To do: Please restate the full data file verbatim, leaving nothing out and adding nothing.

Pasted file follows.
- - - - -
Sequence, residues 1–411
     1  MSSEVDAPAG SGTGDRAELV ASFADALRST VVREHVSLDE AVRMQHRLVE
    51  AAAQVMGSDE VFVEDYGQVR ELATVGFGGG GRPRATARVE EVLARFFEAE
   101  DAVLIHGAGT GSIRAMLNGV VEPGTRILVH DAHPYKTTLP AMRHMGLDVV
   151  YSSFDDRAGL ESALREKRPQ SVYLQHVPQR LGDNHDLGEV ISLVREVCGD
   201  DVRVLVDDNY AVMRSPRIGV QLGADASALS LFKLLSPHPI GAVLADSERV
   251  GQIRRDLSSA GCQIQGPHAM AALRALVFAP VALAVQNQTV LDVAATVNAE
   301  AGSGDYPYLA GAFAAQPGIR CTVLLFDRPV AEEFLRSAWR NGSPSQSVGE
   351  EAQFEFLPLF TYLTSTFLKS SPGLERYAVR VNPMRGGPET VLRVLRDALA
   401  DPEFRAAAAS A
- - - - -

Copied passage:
Sequence, residues 1–411
     1  MSSEVDAPAG SGTGDRAELV ASFADALRST VVREHVSLDE AVRMQHRLVE
    51  AAAQVMGSDE VFVEDYGQVR ELATVGFGGG GRPRATARVE EVLARFFEAE
   101  DAVLIHGAGT GSIRAMLNGV VEPGTRILVH DAHPYKTTLP AMRHMGLDVV
   151  YSSFDDRAGL ESALREKRPQ SVYLQHVPQR LGDNHDLGEV ISLVREVCGD
   201  DVRVLVDDNY AVMRSPRIGV QLGADASALS LFKLLSPHPI GAVLADSERV
   251  GQIRRDLSSA GCQIQGPHAM AALRALVFAP VALAVQNQTV LDVAATVNAE
   301  AGSGDYPYLA GAFAAQPGIR CTVLLFDRPV AEEFLRSAWR NGSPSQSVGE
   351  EAQFEFLPLF TYLTSTFLKS SPGLERYAVR VNPMRGGPET VLRVLRDALA
   401  DPEFRAAAAS A